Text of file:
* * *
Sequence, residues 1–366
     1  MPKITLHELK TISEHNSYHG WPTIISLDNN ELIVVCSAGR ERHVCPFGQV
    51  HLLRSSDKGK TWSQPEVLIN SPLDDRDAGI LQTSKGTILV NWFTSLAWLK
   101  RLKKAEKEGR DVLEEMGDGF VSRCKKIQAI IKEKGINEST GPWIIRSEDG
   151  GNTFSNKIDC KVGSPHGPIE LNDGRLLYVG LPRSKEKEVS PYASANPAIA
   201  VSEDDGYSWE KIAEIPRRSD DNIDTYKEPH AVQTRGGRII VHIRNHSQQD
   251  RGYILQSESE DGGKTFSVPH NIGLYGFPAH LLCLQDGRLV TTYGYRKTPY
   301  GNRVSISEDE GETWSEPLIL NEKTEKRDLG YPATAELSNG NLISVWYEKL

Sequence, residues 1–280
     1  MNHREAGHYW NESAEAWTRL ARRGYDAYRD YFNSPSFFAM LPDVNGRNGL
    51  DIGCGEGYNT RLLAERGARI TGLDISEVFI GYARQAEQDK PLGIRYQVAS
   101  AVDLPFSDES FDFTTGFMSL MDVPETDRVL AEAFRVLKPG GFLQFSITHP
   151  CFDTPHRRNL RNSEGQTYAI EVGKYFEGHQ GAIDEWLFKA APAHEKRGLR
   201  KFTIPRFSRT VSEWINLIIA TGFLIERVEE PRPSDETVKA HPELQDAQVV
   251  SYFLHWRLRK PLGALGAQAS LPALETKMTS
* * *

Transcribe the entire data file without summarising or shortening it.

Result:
Sequence, residues 1–366
     1  MPKITLHELK TISEHNSYHG WPTIISLDNN ELIVVCSAGR ERHVCPFGQV
    51  HLLRSSDKGK TWSQPEVLIN SPLDDRDAGI LQTSKGTILV NWFTSLAWLK
   101  RLKKAEKEGR DVLEEMGDGF VSRCKKIQAI IKEKGINEST GPWIIRSEDG
   151  GNTFSNKIDC KVGSPHGPIE LNDGRLLYVG LPRSKEKEVS PYASANPAIA
   201  VSEDDGYSWE KIAEIPRRSD DNIDTYKEPH AVQTRGGRII VHIRNHSQQD
   251  RGYILQSESE DGGKTFSVPH NIGLYGFPAH LLCLQDGRLV TTYGYRKTPY
   301  GNRVSISEDE GETWSEPLIL NEKTEKRDLG YPATAELSNG NLISVWYEKL

Sequence, residues 1–280
     1  MNHREAGHYW NESAEAWTRL ARRGYDAYRD YFNSPSFFAM LPDVNGRNGL
    51  DIGCGEGYNT RLLAERGARI TGLDISEVFI GYARQAEQDK PLGIRYQVAS
   101  AVDLPFSDES FDFTTGFMSL MDVPETDRVL AEAFRVLKPG GFLQFSITHP
   151  CFDTPHRRNL RNSEGQTYAI EVGKYFEGHQ GAIDEWLFKA APAHEKRGLR
   201  KFTIPRFSRT VSEWINLIIA TGFLIERVEE PRPSDETVKA HPELQDAQVV
   251  SYFLHWRLRK PLGALGAQAS LPALETKMTS